By all means provision storage economically but don't put applications on a starvation diet. That's the message from 3PAR CEO David Scott.
His company has had thin provisioning (TP) for what seems like a long time. Now that EqualLogic has added it to the IP Storage (iSCSI SAN block and file) space and HDS is set on adding it to the high-end enterprise drive array space, David wanted to mention a few aspects of thin provisioning that matter (and that, naturally, 3PAR has got well sorted out).
1) Thin Positioning should support thresholds, alerts, or hard limits to warn about storage capacity consumption otherwise there will be a high risk that customers suffer application write failures from running out of storage capacity before the administrator realizes there is danger.
2) The implementation should have a way of automatically assigning disk capacity that has been added to the array into a Thin Provisioning pool. If not then the process will involve a number of administratively intensive, manual steps (creating RAID groups, splitting RAID groups into LDEVs, assigning the LDEVs to Thin Provisioning pools). This is a high level of overhead which any good Thin Provisioning implementation should avoid. It also adds the risk that the Thin Provisioning pool could run out of spare capacity before the administrator realizes it is out of space (especially if there is no alert facility) - again causing write and application failures.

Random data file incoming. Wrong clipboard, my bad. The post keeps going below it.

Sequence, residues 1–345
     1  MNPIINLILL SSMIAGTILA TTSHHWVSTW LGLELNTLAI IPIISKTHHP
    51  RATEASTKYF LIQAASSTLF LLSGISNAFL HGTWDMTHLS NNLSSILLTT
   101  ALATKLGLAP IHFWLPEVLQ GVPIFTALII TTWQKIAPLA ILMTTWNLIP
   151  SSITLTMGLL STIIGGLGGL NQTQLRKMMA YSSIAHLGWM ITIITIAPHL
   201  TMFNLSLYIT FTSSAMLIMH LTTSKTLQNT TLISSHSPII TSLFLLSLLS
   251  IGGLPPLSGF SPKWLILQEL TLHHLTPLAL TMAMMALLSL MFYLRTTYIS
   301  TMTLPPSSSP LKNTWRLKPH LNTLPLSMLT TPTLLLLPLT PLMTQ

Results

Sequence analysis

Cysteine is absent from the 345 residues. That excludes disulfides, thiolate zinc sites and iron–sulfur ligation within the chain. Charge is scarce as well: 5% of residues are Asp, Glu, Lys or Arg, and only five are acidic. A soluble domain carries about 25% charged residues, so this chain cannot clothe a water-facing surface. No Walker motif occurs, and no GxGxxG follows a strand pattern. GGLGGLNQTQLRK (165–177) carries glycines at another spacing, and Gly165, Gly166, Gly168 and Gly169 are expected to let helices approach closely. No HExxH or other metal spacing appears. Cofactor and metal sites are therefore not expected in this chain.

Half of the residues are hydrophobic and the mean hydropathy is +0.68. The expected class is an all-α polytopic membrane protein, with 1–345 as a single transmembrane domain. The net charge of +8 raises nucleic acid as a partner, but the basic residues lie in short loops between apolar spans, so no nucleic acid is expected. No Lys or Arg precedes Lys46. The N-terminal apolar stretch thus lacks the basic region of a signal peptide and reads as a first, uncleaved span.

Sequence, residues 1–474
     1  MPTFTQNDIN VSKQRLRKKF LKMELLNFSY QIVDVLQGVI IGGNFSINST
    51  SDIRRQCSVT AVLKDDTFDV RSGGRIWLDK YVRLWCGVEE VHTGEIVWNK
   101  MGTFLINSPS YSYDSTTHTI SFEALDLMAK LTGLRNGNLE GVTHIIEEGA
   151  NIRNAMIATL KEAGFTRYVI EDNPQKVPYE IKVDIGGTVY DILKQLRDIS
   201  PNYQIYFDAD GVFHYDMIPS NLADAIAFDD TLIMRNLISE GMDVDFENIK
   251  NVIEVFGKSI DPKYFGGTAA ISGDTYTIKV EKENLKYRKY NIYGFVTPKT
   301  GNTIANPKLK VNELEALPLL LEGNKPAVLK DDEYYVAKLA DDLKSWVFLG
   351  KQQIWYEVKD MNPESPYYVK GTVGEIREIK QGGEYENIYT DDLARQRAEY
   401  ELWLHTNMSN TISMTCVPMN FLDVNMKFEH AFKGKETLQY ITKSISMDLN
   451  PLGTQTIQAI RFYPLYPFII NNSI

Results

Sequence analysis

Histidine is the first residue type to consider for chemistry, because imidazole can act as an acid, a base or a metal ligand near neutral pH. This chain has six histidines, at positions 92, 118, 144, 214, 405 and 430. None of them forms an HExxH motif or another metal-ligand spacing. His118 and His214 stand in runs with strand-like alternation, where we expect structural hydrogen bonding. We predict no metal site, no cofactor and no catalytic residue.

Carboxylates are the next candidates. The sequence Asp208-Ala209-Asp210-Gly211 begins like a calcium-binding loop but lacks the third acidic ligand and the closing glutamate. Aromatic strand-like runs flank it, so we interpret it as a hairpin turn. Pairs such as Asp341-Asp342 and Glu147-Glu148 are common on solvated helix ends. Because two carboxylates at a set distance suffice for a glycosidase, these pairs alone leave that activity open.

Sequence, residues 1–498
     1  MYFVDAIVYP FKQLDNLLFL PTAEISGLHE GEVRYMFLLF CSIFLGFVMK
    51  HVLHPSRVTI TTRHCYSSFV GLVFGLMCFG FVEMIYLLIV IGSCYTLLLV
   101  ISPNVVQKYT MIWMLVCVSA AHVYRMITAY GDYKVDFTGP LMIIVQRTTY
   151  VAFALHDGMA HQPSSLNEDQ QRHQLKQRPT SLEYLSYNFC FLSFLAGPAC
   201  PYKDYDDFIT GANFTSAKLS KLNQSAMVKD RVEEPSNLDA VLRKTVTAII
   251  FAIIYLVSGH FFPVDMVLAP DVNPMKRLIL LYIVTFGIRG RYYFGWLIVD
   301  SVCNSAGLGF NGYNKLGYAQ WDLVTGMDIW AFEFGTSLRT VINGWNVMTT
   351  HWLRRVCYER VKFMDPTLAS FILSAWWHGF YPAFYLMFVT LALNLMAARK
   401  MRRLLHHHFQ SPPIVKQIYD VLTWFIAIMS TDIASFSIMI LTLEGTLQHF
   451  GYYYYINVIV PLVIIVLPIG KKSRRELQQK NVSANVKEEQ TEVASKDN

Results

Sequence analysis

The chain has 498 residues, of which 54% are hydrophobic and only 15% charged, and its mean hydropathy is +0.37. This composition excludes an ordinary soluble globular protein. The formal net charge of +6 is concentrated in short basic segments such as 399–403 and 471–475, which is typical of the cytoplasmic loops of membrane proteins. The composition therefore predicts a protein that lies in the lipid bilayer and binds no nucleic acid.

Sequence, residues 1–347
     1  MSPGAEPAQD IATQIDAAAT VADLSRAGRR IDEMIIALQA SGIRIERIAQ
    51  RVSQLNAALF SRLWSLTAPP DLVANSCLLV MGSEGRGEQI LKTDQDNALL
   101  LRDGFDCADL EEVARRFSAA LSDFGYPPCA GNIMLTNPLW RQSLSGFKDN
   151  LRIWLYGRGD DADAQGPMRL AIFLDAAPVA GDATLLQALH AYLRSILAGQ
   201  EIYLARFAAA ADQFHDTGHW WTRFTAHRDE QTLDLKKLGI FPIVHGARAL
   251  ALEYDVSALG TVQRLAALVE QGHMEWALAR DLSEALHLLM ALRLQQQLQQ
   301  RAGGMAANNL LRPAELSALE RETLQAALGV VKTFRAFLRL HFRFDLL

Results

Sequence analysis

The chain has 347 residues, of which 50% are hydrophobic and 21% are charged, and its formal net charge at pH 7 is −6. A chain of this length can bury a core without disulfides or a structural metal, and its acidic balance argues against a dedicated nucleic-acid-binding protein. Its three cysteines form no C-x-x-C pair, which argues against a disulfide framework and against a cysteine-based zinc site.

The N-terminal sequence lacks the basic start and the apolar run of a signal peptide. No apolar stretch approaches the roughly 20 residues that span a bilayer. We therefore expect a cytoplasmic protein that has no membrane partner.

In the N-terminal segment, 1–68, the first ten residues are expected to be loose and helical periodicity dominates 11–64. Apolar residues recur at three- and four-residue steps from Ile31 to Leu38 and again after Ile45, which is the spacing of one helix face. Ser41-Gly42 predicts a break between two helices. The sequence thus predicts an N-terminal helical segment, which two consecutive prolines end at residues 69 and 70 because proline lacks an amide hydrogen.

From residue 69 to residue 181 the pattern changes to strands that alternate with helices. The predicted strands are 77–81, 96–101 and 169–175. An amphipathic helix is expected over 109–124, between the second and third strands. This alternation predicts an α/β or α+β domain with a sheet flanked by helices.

3) If a supplier's implementation doesn't support Thin Provisioned volumes with remote replication software then it can't protect their applications using standard disaster recovery techniques. This is a basic requirement of any Tier 1 system.
4) If the performance of Thin Provisioned volumes is less than that available with standard volumes then customers will be very sensitive to the impact on their applications and will resist using it. Customers may have to do a lot of configuration work to manually spread storage capacity assigned to Thin Provisioning pools over lots of array groups, and even then will typically get performance results that are a fraction of that they get with standard volumes.
In summary, a bad Thin Provisioning implementation is worse than no Thin Provisioning implementation at all. Scott recommends that you should ask any supplier how their implementation stacks up against these points.
Naturally, 3PAR stacks up very well. Scott says it has all the thresholds, alerts and hard limits necessary to minimize the risk that you run out of capacity. It automatically grabs free disk space, just in time, to replenish its Thin Provisioning pools so as to eliminate administrator involvement and minimize the risk that an application runs out of disk space to which it can write.
It is fully supported by 3PAR's Remote Copy solution for remote replication so that the applications can be protected by disaster recovery arrangements. And finally, performance is not meaningfully different from that of standard volumes. Customers don't gain efficiency, only to lose performance. He makes the point that 3PAR's architecture was designed for the implementation of Thin Provisioning, not as a bolt-on.
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